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It engages the mind to actively imagine various scenarios for fun or for problem-solving. Babies and toddlers play in order to get to know their world – how things work, how people react, etc. They get to explore and discover things that otherwise they will not learn about if they do not actively engage in play. This free exploration is considered Heuristic play by Holland (2003) and encourages it without adult intervention. Adults provide simple materials and allow the child’s imagination to take off. “The child learns from observing directly what these objects will ‘do’ or ‘not do’, in sharp contrast to much of the ‘educational’ equipment which has a result predetermined by the design which has been devised by the adult maker (Holland, 2003, p. 142). Not only will heuristic play stimulate a child’s thinking, but it also develops his creativity as he will see in his mind endless possibilities in imaginatively transforming ordinary objects into various things with various functions. Young children learn better in play- like settings because they retain concepts better when learned in the spirit of fun. Macintyre (2003) discusses the value of play in all the developmental areas of children. Children love games that stimulate thinking. Such cognitive benefits extend to their real lives as they make decisions, compare and contrast things, use their imaginations and thinking critically and creatively. Play also engages the body. Certain games involve gross and fine motor coordination. Running around, jumping, tumbling and other physical activities help them be physically fit as well as release tension. Much practice in physical play develops their muscles, agility, flexibility and endurance. Socially, play fosters the development of friendships, coaxing children out of their shells. As they play with other children or adults, they get to know about how other people behave, think and feel. They also get to learn socially acceptable behavior like not hurting others and playing fair. Most importantly, they get to know themselves better- how they react to certain situations in the play setting. Play may also be an outlet for emotional release. Young children use role play or puppet play to process experiences they do not fully understand. Doing it over and over helps them realize what was wrong or right in confusing situations. Resolving issues in play may also be therapeutic for some children. B. Linking Play to Literacy Educators are now coming to understand that learner-centered strategies are more effective in engaging young children’s learning since it puts much value in the young learners’ construction of their own understanding of concepts. This makes learning more meaningful and relevant to them, hence, retention of concepts and skills is easier to achieve. Play is one approach to learning many concepts and skills. Reading and writing skills spring out of play-like story-reading sessions. These are examples of activities wherein children’s imaginations are actively engaged, as it is in their play. Books and sharing stories are just a few of the learning materials and activities that enhance communication, language and literacy skills. These help concretize learning for very young children in the company of other learners who may contribute much to their shared learning. Emergent literacy is the term used to refer to the earliest period of a child’s literacy development, specifically the time between birth and when the child can read and write (Sulzby and Teale, 1991). According to emergent literacy theories, the child is the central figure in the construction of learning. His life experiences directly affect his literacy. One theoretical perspective in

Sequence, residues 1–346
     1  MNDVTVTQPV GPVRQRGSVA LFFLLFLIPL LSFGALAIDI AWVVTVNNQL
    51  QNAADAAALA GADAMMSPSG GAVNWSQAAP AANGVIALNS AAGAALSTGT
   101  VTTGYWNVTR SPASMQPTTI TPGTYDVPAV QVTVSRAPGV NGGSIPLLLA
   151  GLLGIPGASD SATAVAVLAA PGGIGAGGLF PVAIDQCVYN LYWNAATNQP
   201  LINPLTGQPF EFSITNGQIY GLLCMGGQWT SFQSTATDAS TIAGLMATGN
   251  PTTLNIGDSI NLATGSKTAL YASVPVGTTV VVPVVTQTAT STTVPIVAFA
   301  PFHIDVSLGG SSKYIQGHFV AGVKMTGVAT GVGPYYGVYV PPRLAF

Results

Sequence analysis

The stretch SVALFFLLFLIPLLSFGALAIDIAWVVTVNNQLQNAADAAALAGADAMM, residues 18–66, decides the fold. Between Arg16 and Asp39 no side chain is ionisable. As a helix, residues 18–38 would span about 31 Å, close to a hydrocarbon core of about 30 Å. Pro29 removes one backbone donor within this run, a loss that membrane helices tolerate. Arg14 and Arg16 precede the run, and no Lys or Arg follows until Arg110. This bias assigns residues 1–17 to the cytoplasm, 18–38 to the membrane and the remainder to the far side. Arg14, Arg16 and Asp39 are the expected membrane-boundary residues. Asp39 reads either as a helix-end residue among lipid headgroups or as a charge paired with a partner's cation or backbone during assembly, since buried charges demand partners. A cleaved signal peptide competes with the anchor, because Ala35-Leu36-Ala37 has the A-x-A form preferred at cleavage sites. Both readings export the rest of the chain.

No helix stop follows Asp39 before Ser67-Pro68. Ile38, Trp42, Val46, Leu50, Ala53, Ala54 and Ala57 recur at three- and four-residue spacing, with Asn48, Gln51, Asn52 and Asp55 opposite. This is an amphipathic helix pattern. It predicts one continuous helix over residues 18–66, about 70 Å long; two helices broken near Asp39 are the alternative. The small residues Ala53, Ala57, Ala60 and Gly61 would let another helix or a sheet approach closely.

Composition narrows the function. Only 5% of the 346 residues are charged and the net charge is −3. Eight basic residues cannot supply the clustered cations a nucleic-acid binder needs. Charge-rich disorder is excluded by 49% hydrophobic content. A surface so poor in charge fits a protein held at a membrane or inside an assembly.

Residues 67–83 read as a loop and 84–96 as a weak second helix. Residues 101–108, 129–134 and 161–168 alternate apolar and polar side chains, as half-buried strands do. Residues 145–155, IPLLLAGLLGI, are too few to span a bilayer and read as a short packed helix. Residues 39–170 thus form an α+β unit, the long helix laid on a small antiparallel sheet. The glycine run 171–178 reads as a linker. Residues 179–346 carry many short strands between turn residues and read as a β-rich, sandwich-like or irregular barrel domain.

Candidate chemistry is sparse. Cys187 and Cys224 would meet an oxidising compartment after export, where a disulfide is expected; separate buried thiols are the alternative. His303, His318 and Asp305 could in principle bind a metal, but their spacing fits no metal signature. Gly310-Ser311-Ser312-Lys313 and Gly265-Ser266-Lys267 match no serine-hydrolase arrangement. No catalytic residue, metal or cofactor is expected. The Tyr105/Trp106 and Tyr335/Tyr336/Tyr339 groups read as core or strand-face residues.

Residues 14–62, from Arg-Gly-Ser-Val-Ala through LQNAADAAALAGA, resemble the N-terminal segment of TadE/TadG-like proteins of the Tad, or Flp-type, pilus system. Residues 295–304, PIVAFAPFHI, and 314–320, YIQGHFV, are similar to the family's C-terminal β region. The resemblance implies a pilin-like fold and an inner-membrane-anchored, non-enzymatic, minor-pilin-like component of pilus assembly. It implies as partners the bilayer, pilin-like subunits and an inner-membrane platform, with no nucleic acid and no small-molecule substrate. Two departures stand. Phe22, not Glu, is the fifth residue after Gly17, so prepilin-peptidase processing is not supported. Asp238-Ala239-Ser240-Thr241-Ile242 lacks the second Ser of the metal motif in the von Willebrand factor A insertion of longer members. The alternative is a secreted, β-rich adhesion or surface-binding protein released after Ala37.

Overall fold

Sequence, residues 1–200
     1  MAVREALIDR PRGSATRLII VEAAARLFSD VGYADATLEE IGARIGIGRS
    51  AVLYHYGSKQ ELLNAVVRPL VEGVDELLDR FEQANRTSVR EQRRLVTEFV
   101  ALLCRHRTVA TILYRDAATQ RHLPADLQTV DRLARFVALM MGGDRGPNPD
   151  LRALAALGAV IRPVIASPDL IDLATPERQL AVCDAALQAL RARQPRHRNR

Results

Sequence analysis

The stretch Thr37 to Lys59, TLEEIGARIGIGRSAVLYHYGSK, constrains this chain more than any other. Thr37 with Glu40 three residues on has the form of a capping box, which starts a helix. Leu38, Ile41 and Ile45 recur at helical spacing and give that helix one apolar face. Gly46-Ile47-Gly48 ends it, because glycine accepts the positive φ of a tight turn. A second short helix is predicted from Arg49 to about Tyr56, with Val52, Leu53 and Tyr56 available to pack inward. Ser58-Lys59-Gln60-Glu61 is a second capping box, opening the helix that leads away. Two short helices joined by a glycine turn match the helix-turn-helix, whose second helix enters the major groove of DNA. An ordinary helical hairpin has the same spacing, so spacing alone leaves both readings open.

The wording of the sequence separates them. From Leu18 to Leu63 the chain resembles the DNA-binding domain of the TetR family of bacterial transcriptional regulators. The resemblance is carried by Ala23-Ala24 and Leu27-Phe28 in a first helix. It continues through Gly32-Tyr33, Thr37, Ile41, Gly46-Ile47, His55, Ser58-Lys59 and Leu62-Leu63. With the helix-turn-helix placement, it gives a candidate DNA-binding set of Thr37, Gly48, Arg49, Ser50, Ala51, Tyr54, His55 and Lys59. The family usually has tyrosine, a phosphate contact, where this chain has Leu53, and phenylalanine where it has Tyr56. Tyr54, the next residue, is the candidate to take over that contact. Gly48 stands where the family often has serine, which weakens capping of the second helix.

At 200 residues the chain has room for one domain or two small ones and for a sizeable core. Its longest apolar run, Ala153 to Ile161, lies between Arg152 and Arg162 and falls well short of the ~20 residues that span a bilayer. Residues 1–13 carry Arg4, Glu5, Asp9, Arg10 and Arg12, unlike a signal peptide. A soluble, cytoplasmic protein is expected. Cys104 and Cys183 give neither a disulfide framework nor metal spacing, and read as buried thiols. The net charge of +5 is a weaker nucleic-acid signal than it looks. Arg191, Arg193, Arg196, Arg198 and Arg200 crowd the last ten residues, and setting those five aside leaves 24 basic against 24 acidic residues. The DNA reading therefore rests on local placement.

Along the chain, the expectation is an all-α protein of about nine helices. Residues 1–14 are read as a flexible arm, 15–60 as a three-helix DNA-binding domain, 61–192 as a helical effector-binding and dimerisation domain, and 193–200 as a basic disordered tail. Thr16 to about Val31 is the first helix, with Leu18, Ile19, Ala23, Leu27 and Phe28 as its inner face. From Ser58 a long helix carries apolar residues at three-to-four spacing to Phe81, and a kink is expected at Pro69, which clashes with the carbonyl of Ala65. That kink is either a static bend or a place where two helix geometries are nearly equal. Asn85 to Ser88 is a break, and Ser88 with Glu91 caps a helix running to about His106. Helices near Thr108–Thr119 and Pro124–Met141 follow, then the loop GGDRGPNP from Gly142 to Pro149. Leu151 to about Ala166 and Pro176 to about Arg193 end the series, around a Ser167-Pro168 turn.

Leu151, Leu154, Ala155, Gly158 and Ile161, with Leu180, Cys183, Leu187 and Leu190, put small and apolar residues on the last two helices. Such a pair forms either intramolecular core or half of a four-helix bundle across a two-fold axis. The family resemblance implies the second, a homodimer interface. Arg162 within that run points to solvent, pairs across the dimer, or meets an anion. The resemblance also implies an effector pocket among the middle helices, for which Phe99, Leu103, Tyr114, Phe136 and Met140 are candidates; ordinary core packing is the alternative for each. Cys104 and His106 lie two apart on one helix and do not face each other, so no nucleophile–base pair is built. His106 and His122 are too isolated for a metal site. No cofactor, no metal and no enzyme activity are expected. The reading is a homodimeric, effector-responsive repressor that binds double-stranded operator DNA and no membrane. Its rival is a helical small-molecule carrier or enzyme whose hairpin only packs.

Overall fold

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Childhood is the formative phase of life. Foundation laid during this period carries its implications throughout the life of an individual. Considering the significance of this phase of life the benefits of high quality of early childhood education as well as programs that formulate the personality of the child have been recognized.
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